Words I Routinely Misspell

Let’s file this discussion under: Random Things That Cross My Mind on a Monday Morning. And yes, I did check to confirm that I had spelled “misspell” correctly.


I have no formal English background other than what was required, by law, via my provincial public school curriculum, along with a few elective courses in university. Still, you’d think by this point in my life I could remember how to spell words like balloon or marshmallow without my brain cells collapsing in an exhausted heap.

For the record, I did spell balloon and marshmallow correctly above – on my first try, no less. But it’s not infrequent that I find myself writing down ballon or marshmellow.

Other words that regularly trip me up:

  • Occasionally. I always, always want to add a second ‘s’.
  • Accommodate. This was a real beast for me to manage as I worked on a project for several years where I had to spell the word accommodate almost daily. Maybe because of my hangups with occasionally, I was always tempted to drop the second ‘m.’ I have only learned to spell accommodate correctly by sheer force of will, repeating over and over again that accommodate includes a double ‘m’.
  • Colleague. I get hives whenever I have to write this word. I managed to get it right on my first attempt for this blog post, but I’d say that only happens 25% of the time.

  • Travelling. Does it have one ‘l’ or two? I can never remember. FYI: it’s two ‘l’s’ for British English and one ‘l’ for American English. Which opens up a whole other can of worms. While I quite enjoy throwing an extra “u” into words like neighbour and favour and colour, I can’t remember when I’m actually misspelling a word versus when I’m just using the British or American equivalent. Defence (British) vs defense (American); licence (British) vs license (American). It’s a gong show living here in Canada: we’re part of the Commonwealth but geographically closer to America. I do prefer the British spelling for most words, but am not always consistent in what I choose. For example, I would spell a children’s doctor as a pediatrician (American), not paediatrician (British). I write instill (American) not instil (British). I write cheque and doughnut (British), but also skeptical and plow (American). Throwing all caution to the wind, I use grey and gray interchangeably, but with marked unease.

  • Isaac. A truly embarrassing story: some of our closest friends have a son named Isaac. For years, on every Christmas gift or note I addressed him as Issac, with a double ‘s’ instead of a double ‘a’. Not once did he, or anyone else in this sweet family, point out my mistake. Eventually, I spelled it correctly – likely more by good luck than good management – and he made a comment about how incredible it was I had spelled his name correctly. Ever since, I still have to look up the name Isaac every time to make sure I have it spelled correctly. (To be fair, Issac is a less common variation of the name Isaac…but it is not the norm, this is not how this particular Isaac spelled his name, and really I was just hopelessly oblivious.)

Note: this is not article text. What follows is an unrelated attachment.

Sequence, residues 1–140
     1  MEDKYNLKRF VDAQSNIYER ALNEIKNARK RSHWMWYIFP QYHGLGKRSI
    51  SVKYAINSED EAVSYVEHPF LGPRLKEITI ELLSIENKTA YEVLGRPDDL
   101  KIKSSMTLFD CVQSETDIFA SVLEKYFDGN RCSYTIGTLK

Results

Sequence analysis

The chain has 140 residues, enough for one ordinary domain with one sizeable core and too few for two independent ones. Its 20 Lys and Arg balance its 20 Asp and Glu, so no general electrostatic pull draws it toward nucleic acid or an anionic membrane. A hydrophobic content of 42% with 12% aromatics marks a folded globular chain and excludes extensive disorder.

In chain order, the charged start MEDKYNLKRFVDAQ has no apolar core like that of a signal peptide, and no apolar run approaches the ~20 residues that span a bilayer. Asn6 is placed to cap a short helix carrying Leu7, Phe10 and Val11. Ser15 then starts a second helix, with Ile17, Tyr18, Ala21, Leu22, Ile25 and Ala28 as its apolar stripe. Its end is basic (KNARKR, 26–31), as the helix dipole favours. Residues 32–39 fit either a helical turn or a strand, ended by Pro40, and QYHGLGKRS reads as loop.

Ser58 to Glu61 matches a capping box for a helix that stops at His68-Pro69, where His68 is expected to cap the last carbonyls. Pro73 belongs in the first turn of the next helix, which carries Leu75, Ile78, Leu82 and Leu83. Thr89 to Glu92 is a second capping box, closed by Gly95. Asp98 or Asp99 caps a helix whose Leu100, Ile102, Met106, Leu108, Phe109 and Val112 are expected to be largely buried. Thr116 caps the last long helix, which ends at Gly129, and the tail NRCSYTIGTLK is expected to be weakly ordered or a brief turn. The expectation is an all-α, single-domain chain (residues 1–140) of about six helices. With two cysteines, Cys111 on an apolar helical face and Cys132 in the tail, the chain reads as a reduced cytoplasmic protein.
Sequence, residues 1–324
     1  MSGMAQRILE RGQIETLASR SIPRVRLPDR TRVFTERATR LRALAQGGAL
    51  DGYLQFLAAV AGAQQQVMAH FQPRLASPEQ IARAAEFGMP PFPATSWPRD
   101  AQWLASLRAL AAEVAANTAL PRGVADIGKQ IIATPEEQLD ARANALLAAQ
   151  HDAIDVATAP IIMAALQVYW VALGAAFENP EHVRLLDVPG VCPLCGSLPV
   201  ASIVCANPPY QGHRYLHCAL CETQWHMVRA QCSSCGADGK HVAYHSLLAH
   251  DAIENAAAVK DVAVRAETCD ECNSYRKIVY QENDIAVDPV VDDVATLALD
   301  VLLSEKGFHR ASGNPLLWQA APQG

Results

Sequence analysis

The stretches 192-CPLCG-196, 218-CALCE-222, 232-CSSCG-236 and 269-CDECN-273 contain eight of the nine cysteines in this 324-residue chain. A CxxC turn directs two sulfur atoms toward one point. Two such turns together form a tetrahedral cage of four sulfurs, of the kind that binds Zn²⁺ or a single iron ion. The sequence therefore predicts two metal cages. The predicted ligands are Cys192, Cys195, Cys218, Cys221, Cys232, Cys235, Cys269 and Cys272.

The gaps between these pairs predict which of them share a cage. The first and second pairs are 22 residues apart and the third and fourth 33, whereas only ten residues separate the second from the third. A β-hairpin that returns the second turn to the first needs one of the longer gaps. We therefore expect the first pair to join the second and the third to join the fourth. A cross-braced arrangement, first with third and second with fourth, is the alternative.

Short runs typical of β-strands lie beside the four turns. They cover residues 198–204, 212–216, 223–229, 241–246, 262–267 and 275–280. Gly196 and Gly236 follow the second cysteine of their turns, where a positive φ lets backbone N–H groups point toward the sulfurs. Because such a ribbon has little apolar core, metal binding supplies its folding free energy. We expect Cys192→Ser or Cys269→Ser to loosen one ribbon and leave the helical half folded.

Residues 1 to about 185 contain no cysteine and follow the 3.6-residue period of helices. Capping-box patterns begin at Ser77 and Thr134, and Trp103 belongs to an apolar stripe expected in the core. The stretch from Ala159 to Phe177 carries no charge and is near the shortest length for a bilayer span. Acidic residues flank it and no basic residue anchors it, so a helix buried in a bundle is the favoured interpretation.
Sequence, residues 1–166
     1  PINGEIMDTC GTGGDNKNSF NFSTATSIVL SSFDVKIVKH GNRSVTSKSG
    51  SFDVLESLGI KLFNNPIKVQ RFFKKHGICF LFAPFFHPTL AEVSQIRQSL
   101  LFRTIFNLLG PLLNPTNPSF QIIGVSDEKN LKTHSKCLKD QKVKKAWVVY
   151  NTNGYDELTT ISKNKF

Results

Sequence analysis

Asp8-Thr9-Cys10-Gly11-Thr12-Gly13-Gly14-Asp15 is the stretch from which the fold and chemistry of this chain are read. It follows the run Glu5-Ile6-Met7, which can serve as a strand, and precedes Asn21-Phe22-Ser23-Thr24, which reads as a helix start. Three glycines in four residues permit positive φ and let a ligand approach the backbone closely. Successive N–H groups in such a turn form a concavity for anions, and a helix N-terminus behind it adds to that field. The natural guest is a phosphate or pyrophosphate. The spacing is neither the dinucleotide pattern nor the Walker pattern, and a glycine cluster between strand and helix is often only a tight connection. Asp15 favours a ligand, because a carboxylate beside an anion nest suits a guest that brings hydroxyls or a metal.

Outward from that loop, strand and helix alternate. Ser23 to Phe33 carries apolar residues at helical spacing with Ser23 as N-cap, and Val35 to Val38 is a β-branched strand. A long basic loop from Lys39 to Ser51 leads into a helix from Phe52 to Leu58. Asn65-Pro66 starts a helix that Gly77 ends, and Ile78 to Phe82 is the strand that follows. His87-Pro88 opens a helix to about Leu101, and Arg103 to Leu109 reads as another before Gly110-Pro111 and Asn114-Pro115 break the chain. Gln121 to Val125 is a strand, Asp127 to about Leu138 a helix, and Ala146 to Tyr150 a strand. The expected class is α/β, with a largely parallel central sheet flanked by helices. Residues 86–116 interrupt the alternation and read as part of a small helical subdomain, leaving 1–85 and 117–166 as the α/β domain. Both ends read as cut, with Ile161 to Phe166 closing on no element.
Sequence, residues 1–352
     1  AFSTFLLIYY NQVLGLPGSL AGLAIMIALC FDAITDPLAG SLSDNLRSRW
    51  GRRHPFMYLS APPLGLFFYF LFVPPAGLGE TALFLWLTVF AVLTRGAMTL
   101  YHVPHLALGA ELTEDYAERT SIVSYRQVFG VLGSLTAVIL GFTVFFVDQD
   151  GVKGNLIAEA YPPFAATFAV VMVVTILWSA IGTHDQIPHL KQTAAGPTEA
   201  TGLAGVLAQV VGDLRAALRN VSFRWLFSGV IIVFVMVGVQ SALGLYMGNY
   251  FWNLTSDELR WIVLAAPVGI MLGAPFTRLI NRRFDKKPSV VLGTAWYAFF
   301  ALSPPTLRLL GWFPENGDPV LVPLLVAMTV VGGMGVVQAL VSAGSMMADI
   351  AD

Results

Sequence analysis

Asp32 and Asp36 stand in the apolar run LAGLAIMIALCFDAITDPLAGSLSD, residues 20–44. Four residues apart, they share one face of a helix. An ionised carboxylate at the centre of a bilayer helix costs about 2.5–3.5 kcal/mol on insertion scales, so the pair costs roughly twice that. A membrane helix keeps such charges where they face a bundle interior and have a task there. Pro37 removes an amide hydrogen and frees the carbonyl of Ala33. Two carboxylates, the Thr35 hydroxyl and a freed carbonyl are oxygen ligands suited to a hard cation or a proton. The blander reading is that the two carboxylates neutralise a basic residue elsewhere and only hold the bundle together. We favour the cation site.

To a lesser extent, the following food words can trip me up:

  • Spaghetti. I always spell it correctly, but I always have to think.
  • Zucchini
  • Broccoli

The theme, I think, tends to be a major issue with the handling of double letters?

But that’s enough spelling for one day; my brain cells are starting to overheat.

Your turn. Do you reliably struggle with the spelling of certain words? If you live in Canada, do you primarily use British or American spelling? How do any American readers feel about all the extra “u’s” floating around? Do you notice?

Header photo by Sincerely Media on Unsplash

31 thoughts on “Words I Routinely Misspell”

  1. I use a mishmash of British and American spellings; I definitely prefer traveling to travelling, and I always add the U. Speaking of which, I pronounce “z” zed, not zee, but my kids say zee!

    1. Oh goodness, it HAS to be “zed”…until I sing the alphabet song, and then “zee” really is the only appropriate pronunciation for rhyming capabilities. Also: it drives me crazy when people (not naming names here, but it’s almost always Americans!) say “pree-zen-tation” instead of “prez-in-tation” for presentation.